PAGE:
Inflation is putting the “Bah! Humbug!” into the holidays this year - especially when it comes to Christmas presents - a new survey of Americans’ spending expectations reveals.
Half (50%) of all Americans say “Santa won’t be as generous this year due to inflation,” according to a national survey conducted by WalletHub. And, one in three (34%) say they’re “foregoing gifts this year due to inflation.”
More than one in four (28%) say they’ll spend less than last year on holiday shopping.
What’s more, a quarter (24%) say they still haven’t paid off all of their holiday debt from last year, and half (47%) don’t expect to pay off this year’s credit card charges on time.
In fact, one in five (19%) plan to apply for a new credit card, so they can charge this year’s holiday expenses.
And, inflation isn’t just reducing the number of gifts given to family and friends, it’s also hurting charitable contributions, according to nearly half (47%) of those surveyed.
WalletHub’s findings are supported by a number of other recent surveys, some of which provide even bleaker predictions for the impact of inflation on this holiday season.
“Forty-two percent of consumers attributed their expectation for increased spending to inflation and a higher cost of holiday items, while 54 percent plan to spend less for the same,” the International Council of Shopping Centers (ICSC) reports.
More than half (56%) of 2023 holiday shoppers won’t be able to buy as many gifts as they’d like to this year due to inflation, and a third (33%) say that, when they do, they’ll buy less expensive gifts, a NerdWallet survey finds.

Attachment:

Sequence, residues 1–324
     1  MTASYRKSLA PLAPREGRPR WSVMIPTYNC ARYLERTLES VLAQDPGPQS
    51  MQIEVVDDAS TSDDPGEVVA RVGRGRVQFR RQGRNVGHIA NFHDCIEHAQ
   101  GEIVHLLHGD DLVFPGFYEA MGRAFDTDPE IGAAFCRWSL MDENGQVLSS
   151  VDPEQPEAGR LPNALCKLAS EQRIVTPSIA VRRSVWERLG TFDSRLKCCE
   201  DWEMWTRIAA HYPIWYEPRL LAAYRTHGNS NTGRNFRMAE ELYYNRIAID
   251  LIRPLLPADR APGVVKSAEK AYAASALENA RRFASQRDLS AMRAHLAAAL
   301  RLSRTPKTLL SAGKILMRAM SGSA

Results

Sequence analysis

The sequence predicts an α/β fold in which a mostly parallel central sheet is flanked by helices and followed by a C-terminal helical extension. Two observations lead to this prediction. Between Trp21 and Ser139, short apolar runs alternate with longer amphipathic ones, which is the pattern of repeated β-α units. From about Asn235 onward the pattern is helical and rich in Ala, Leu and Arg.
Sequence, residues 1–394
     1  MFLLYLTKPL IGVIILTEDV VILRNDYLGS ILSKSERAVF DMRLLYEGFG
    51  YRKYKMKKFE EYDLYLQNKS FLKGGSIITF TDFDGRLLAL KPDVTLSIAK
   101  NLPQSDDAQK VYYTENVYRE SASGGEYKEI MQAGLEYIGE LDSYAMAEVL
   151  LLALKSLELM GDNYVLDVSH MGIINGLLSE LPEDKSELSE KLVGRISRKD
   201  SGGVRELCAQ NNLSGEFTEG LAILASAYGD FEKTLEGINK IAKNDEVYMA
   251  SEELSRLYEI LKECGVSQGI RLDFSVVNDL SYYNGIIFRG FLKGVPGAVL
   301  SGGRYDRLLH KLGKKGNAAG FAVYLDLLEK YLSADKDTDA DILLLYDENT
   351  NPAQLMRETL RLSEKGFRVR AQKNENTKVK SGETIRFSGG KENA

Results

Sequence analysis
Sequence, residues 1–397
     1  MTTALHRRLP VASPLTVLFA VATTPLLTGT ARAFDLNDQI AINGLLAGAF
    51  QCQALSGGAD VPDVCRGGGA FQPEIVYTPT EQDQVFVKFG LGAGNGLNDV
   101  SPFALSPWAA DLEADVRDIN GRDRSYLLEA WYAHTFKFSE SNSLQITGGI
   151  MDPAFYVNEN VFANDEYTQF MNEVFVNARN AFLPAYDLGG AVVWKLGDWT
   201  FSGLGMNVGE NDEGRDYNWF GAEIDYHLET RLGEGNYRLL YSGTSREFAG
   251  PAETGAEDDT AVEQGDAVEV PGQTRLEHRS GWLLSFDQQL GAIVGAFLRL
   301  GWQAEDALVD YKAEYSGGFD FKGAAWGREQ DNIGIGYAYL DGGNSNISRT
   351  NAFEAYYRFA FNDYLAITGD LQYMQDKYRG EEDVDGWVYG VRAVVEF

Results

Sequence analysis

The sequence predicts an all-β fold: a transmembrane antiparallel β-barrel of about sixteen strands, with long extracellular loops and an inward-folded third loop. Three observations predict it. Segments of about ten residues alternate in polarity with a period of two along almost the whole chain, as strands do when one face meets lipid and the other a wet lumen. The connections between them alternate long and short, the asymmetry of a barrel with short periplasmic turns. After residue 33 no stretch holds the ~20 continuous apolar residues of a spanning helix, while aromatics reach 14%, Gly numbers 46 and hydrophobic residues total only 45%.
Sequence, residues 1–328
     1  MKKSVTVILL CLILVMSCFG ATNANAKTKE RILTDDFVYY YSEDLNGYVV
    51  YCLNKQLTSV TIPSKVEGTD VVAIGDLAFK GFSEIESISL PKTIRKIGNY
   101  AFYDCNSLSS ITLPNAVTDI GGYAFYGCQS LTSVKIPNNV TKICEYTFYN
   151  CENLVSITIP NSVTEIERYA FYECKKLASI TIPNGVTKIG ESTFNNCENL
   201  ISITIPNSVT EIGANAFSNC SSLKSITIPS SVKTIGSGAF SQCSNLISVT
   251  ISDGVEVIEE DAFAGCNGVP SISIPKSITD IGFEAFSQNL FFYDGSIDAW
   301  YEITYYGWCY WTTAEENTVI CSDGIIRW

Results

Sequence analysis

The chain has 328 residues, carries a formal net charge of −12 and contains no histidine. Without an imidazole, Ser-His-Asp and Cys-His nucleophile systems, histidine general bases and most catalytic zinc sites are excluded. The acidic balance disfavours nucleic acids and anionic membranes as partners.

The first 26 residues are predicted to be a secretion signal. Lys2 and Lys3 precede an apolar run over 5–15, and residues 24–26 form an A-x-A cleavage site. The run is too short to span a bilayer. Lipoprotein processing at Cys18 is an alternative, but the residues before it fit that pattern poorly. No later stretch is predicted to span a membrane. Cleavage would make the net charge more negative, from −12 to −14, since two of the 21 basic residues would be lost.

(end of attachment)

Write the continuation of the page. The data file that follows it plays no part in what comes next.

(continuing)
U.S. consumers plan to spend an average of 2% less than last year on holiday-related items, The Conference Board reports. About six in ten cite inflation as a reason, as 59% expect the cost of gifts to rise and 55% think the cost of food will be higher.
Indeed, U.S. Bureau of Labor Statistics (BLS) data show the cost of traditional holiday-food items, such as treats and turkey dinners, is already much higher than it was a year ago:
- Cookies up 6.6%
- Sugar and sugar substitutes up 7.7%
- Candy and chewing gum up 7.5%
- Poultry, such as turkey up 6.7%
- Sauces and gravies up 6.7%
- Bread up 6.1%
- Crackers, bread, and cracker products up 6.9%
Making matters even worse, Americans’ earnings haven’t kept pace with inflation. Real average weekly earnings have fallen 0.1% over the past year, according to the latest BLS data (Sept. 2022 to Sept. 2023).